Today, Linux is a worthy alternative to other well-known operating systems. As an operating system, Linux offers benefits such as:
Like other operating systems, Linux has components for systems management, security, and performance. Throughout its history, Linux has been enhanced with additional functions as they have been needed, at rapid speed.
Linux started out as a personal computer (PC) operating system, but enthusiasts soon ported it to other platforms. Linus Torvalds himself ported it to the Alpha platform and, while doing so, introduced an abstraction layer between the hardware and the operating system. This allows the system to be compiled on different hardware architectures but still use the same source code. Thus, only small adjustments had to be made in the kernel to let Linux run on the mainframe. The way Linux is written allows for wide variety in hardware architecture. For example, when running on the mainframe, Linux uses the mainframe I/O structure with no problems.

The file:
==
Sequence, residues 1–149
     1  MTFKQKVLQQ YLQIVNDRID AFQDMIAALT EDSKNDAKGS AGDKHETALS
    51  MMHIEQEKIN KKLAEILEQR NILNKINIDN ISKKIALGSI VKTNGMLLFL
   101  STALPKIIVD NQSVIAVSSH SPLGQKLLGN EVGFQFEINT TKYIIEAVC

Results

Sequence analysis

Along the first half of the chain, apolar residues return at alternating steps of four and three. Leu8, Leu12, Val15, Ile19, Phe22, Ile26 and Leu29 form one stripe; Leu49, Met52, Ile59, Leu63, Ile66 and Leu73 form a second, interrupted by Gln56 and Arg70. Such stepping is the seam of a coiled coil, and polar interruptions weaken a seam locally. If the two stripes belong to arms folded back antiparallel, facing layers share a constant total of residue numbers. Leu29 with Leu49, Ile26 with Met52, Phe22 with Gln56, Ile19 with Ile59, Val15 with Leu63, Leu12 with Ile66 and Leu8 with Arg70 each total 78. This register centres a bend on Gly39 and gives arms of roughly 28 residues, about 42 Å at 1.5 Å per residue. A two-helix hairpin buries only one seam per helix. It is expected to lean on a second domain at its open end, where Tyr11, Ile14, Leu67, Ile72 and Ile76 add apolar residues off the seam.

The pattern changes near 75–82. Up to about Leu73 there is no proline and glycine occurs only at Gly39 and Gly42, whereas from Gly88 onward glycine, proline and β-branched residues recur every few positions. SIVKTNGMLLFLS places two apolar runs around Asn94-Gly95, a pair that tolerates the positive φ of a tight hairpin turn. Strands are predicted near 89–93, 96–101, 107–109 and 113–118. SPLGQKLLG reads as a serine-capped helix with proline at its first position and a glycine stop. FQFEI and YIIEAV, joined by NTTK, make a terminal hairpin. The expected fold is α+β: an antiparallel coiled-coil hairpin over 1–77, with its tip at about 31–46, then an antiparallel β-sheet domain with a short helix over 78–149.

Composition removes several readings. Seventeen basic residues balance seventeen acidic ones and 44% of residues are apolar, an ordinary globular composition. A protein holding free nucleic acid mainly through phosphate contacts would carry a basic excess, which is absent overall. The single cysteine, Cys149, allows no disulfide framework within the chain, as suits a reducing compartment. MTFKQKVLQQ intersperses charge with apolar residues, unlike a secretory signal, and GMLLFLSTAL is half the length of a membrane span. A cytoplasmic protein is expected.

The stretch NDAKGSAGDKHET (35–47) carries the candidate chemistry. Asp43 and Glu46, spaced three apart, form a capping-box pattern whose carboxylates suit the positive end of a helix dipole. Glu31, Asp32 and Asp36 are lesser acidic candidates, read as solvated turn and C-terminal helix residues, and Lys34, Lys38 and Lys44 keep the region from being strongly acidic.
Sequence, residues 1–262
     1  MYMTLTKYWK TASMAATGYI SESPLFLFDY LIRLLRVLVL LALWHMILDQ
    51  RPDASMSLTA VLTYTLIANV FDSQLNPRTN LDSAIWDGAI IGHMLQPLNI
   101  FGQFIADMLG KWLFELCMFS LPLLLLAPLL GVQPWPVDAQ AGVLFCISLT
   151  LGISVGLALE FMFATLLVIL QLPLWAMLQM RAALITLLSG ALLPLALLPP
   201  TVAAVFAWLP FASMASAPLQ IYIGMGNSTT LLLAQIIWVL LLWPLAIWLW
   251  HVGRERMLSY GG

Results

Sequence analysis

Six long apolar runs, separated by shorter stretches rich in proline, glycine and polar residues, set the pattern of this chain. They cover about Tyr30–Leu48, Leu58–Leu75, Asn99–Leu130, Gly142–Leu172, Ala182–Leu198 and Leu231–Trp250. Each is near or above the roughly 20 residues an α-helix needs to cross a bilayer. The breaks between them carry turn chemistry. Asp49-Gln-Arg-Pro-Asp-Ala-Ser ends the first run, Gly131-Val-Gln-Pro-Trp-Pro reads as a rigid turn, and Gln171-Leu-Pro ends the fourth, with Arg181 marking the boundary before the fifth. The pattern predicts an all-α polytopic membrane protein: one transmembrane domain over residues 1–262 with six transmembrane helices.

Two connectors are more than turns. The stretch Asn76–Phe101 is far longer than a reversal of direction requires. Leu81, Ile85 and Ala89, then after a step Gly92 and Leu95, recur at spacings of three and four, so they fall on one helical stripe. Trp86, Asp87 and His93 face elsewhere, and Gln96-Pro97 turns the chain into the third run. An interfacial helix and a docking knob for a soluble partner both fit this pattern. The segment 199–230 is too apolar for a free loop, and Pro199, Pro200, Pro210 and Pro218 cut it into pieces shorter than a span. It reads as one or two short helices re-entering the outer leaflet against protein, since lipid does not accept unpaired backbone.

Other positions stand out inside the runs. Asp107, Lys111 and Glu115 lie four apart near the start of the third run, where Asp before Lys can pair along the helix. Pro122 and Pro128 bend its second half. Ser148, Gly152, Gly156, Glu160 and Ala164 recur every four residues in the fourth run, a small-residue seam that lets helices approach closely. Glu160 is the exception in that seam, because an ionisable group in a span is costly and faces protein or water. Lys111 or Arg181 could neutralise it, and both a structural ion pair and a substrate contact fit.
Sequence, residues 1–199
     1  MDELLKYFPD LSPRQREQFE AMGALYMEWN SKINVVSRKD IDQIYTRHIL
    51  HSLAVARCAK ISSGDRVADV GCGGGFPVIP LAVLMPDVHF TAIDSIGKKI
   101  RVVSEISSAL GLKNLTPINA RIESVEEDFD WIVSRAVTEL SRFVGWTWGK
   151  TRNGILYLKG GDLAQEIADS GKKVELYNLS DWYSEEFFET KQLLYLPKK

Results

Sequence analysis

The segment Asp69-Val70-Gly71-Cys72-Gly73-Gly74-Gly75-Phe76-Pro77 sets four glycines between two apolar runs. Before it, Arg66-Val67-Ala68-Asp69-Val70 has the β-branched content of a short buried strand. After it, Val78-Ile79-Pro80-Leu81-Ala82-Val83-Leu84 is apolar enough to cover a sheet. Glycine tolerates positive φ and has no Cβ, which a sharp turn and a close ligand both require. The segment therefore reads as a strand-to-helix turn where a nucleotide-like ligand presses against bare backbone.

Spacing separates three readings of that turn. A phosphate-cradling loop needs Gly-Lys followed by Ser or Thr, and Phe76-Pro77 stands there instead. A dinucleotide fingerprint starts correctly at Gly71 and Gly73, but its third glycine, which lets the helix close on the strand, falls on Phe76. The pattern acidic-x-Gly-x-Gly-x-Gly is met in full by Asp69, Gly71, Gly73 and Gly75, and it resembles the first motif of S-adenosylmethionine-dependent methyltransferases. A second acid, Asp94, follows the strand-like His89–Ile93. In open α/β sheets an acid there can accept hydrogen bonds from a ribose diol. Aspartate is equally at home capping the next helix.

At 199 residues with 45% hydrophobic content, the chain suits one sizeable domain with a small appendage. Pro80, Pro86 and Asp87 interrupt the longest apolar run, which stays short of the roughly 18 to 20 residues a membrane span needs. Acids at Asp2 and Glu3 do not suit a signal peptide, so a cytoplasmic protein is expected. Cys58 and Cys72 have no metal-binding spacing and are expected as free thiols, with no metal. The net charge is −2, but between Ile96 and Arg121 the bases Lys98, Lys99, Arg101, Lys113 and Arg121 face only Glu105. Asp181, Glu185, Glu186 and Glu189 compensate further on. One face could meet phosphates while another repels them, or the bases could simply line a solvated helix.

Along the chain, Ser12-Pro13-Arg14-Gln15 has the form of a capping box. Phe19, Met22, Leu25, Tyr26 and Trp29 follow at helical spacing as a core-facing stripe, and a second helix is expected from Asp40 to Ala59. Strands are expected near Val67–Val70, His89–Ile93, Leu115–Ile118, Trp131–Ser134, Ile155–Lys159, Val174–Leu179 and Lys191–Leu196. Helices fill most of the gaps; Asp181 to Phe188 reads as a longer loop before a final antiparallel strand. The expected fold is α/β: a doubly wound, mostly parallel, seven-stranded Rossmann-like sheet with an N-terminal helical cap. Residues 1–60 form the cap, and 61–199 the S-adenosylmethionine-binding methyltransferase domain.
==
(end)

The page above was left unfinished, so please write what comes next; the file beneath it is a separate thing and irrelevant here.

Support for standards and new technologies.
Thanks to the many active Linux developers, Linux is fast to adopt new technologies. Linux was one of the early operating systems to support 64-bit addressing. 64-bit addressing combined with sufficient random access memory (RAM) allows the central processing unit (CPU) to pull more data into memory and operate on it directly, thus increasing performance.
Linux is an Open Source project.
Linux is an example of Open Source development with many active developers working together to provide functionality, enhance performance, and ensure support of devices.
To fully appreciate the last point, we need to discuss Open Source in more detail.